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Gonna get down, down, down.

It’s been another of those weeks where a single CD invades the player and refuses to leave — in this case, Gil Scott-Heron, Brian Jackson and the Midnight Band, recorded live at New York’s Village Gate in 1976.

Scott-Heron was a superb commentator on race and society, with a vision that was sometimes skeptical, sometimes optimistic, and always distinctively worded. In these troubled racial times, I could claim I’m turning to Scott-Heron as an inspiration and a nudge in the right direction.

Instead, I will cop to the real truth: I’ve listened to this show again and again because Gil and his cohorts groove like fiends from start to finish.

My favorite of the six tunes here is “17th Street,” which on a lot of levels isn’t all that remarkable. It’s based on a ready-made set of chord changes that are commonly understood to be Latino. (You’ll know these changes when you hear them … and for the entire course of the song, they’re all you hear.)

It doesn’t matter, because the groove (salsa? cha-cha?) is irresistible. Bass player Danny Bowens gives a lesson in Latin bass playing: Every note except the first in the sequence lands a little ahead of the beat, and the deep, woody thump drives things forward wonderfully. I could make an hour-long loop of this and get thoroughly lost in it.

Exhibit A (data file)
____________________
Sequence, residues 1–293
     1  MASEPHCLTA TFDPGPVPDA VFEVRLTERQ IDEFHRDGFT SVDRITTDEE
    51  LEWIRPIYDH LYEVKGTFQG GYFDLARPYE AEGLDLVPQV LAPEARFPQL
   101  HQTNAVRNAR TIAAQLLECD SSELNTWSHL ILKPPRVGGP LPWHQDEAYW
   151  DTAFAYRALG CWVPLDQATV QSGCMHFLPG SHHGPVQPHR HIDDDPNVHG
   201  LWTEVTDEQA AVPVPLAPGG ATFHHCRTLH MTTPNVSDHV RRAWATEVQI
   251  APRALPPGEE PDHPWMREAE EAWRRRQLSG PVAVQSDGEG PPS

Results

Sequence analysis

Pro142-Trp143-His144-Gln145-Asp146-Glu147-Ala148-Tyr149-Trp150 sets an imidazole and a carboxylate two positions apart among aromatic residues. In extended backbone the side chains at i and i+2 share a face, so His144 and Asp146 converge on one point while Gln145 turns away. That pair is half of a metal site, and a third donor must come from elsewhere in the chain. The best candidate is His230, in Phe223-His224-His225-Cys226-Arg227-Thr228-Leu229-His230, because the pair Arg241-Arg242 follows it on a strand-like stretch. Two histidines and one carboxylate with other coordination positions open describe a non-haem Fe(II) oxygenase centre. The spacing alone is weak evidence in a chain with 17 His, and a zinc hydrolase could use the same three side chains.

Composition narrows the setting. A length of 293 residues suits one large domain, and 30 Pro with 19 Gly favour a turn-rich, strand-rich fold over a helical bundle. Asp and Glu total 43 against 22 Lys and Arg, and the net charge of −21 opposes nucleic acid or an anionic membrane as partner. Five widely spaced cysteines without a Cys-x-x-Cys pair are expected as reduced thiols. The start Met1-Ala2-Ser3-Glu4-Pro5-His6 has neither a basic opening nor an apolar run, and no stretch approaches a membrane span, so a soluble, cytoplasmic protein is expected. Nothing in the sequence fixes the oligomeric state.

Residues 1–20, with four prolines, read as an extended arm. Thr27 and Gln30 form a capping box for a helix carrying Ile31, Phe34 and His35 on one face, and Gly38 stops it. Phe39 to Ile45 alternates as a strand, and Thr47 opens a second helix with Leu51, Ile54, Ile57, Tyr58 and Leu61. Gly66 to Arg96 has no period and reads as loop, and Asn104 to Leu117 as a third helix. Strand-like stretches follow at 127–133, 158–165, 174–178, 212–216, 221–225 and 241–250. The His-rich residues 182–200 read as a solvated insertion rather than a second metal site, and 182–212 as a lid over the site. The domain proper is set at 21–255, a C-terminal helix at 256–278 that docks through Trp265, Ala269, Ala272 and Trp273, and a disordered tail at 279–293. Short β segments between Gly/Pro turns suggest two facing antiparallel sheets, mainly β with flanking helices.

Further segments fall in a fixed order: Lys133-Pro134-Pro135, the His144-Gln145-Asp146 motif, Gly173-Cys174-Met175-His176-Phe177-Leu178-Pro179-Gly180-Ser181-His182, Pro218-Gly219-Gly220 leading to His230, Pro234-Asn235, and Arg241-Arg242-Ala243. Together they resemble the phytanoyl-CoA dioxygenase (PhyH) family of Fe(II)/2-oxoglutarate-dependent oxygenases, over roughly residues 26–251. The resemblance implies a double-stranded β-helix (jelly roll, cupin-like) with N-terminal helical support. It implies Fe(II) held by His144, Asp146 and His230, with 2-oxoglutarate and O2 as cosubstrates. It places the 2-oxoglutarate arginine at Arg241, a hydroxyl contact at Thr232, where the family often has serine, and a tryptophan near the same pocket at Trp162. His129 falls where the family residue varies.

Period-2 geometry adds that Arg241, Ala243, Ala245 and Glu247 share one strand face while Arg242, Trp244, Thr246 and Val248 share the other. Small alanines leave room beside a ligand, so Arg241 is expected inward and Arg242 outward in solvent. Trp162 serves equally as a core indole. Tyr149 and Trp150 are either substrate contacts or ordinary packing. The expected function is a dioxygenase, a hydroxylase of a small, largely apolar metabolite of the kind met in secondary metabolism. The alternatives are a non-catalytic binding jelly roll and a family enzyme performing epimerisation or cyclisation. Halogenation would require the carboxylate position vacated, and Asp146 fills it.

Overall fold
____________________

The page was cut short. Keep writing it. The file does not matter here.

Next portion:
Now that I’ve raved about it, where can you hear it?

Sound files of the entire gig are available for your listening pleasure here; “17th Street,” in particular, can he heard here. (The introductory percussion jam and the closing “Johannesburg” also come strongly recommended.)

If for some reason that doesn’t work, a blog with the wonderful title of Never Enough Rhodes has a few sound samples, including one from “17th Street.” It also offers a link to download the entire show; I make no promises, but try it if you want.

The show can also be heard on Spotify, for readers who use Spotify.

In a pinch, the version of “17th Street” from the album It’s Your World is OK too, though the bass is lower in the mix and less compelling.

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